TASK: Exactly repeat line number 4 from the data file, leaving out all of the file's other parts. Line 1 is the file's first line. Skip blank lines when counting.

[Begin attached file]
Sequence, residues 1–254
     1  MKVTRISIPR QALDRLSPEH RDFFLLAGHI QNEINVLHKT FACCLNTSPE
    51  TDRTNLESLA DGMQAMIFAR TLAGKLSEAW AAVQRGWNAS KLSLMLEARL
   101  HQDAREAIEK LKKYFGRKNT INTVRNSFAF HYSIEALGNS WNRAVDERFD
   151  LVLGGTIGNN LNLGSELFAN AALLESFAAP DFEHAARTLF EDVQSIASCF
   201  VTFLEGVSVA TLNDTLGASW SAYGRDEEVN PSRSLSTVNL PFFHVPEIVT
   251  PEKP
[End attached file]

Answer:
   101  HQDAREAIEK LKKYFGRKNT INTVRNSFAF HYSIEALGNS WNRAVDERFD